Albert Einstein once said, “The only source of knowledge is experience.” Voka Mataele can attest to that very saying.
For over ten years, Mataele has been a part of the Reggae group, Kontiki. The band started up in Whittier, CA and is primarily made up of Mataele’s siblings and close relatives who are all Tongan. As the band’s lead vocalist and guitarist, Mataele’s voice can be compared to Reggae-great Maxi Priest. Mataele helped write and produce most of the songs on their first album Stand Tall. The title of the album had significant meaning to Kontiki band members – it was a favorite phrase used by their older brother, Loma, who, unfortunately, was killed in South Central in 1996.
Stand Tall came out in 2003 and saw immediate success. Their songs received heavy airplay by Island radio stations. The following year, Kontiki won ‘Best Reggae Album’ at the Hawaiian Music Awards. “It was awesome!” exclaimed Mataele. “We weren’t expecting any kind of award. We were just trying to get any kind of accolade to build our foundation and get some kind of acceptance.” Just winning the award helped to push the band as a legitimate contender in Island music. “People saw us as serious artists rather than just [someone] throwing a CD out there.”
In 2008, Kontiki came out with their sophomore album Free Again. With ten original songs and a tribute to three classic hits, Mataele and his band mates were well on their way to another successful album. The outcome, however, could not have been any more different. In fact, it was completely the opposite. What happened?
Among many factors that could explain why Free Again did not succeed like Stand Tall, Mataele suggests the band’s attempt to go more mainstream was part of the issue. “With the second album, we wanted to cross over to go more mainstream. We were trying to make our music sound more commercial and reach a [bigger] audience other than just the Polynesians. That’s why we did those cover songs on this album. We were trying to progress, trying to take it to another level.” Mataele also explains that the band’s lack of marketing strategies was another reason why the sophomore album did not go as planned. “I think that’s where we messed up,” says Mataele. “Not really knowing how to market the album. These up and coming bands don’t know that as much as you put in to actually putting the album together, you have to put just as much time and money into marketing. That was something that I learned and I know now.”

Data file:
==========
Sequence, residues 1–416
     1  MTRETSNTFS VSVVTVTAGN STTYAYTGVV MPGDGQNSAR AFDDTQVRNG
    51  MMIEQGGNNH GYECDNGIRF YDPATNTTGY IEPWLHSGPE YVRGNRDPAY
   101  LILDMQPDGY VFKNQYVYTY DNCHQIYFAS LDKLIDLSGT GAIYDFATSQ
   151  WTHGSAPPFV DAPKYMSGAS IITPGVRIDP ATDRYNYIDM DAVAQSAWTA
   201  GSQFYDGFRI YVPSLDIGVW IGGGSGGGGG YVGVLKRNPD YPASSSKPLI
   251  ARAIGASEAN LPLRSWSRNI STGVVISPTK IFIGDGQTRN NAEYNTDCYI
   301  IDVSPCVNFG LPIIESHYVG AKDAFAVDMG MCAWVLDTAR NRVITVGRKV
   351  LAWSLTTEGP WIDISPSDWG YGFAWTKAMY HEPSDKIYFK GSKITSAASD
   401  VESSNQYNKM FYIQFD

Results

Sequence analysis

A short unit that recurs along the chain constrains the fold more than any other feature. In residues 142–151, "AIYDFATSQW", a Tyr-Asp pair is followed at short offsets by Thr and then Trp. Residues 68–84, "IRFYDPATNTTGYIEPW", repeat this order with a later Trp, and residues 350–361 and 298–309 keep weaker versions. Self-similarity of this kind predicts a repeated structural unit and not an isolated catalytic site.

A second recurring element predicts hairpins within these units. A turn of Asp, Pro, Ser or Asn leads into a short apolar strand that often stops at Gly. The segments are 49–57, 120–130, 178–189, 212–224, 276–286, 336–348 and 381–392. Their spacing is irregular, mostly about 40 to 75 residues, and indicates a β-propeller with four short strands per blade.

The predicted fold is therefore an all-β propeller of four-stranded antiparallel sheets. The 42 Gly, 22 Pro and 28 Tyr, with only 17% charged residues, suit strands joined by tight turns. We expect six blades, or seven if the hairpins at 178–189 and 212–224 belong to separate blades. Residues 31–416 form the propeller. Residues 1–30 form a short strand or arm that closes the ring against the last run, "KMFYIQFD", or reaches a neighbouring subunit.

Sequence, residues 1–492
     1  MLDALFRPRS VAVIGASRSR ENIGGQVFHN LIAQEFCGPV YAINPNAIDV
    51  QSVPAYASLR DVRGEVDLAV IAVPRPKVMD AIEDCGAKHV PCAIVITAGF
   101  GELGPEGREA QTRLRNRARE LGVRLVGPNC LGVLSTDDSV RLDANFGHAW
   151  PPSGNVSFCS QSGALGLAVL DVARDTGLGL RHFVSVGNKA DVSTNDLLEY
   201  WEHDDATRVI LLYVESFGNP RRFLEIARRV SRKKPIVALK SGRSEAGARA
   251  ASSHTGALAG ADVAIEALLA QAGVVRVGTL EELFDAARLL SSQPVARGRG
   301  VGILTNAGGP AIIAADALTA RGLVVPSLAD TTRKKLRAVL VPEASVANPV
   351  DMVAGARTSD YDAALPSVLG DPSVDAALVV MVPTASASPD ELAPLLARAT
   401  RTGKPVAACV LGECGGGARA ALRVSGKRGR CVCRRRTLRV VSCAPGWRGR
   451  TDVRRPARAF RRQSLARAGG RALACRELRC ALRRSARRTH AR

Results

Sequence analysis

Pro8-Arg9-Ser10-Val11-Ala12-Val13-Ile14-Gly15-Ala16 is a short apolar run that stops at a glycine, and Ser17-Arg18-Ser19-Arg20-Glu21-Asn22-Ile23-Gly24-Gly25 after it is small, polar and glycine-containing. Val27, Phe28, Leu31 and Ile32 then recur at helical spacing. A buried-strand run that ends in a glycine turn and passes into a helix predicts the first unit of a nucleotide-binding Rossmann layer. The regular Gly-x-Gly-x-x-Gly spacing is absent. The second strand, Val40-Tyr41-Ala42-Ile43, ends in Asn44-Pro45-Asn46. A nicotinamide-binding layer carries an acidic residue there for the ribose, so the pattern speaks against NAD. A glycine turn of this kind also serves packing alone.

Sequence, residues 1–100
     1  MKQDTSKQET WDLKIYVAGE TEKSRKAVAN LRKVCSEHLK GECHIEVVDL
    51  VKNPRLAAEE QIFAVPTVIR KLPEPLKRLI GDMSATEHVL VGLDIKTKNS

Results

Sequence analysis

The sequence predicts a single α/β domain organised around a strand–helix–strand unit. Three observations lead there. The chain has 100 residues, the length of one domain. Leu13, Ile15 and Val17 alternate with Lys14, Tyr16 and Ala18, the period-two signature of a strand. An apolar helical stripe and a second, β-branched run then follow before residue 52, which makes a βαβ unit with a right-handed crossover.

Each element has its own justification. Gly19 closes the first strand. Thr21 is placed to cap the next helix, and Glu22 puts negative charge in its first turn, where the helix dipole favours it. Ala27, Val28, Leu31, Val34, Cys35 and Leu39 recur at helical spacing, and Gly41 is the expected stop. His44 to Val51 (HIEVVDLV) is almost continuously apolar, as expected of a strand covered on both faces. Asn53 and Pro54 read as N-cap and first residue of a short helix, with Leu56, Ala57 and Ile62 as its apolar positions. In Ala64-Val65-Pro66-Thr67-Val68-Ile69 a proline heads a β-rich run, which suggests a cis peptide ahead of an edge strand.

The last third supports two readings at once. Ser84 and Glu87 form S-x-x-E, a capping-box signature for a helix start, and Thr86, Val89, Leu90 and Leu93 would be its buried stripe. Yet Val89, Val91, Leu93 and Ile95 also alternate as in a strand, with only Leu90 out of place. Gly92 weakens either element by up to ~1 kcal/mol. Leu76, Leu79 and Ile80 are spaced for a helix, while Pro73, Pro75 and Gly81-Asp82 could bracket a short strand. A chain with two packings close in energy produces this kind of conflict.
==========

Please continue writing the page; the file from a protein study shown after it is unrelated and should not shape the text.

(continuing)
Consider the lesson learned, experience had, and knowledge gained. It’s been two years since Free Again was released. Since then, the members of Kontiki have decided to “chill out” for a bit and focus more on their individual families and kids. They do plan on working to get another album out by the end of this year or early 2012.
Meanwhile, Mataele has been working on his own musical endeavors. What many people do not know about Voka Mataele is his extensive background with Nonosina, a Polynesian dance group from Anaheim, CA. Mataele is an essential contributor to the Nonosina sound overall; their music is so infectious they’ll make anyone stand up and dance along. He is also a songwriter who learned to strengthen his talent through his father, Lucky, who was also a composer. Music composition is a prevailing talent that has always been in the Mataele family. He is so unique to Urban Island music because he can capture the indigenous Polynesian sound and fuse it with urban influences. “I’ve actually been doing some things with Reggae music and will have something out by the end of this year.” Be on the lookout for him.
Experiences, whether good or bad, help us gain wisdom and knowledge to continue on through life. Voka Mataele has years of knowledge and experience within the music industry that will undoubtedly help him with the future of Kontiki and his solo career. To hear Mataele’s vocals, check out both Kontiki albums, available on iTunes and MySpace and sold at Island music stores.
Article Written By: Pesi Kava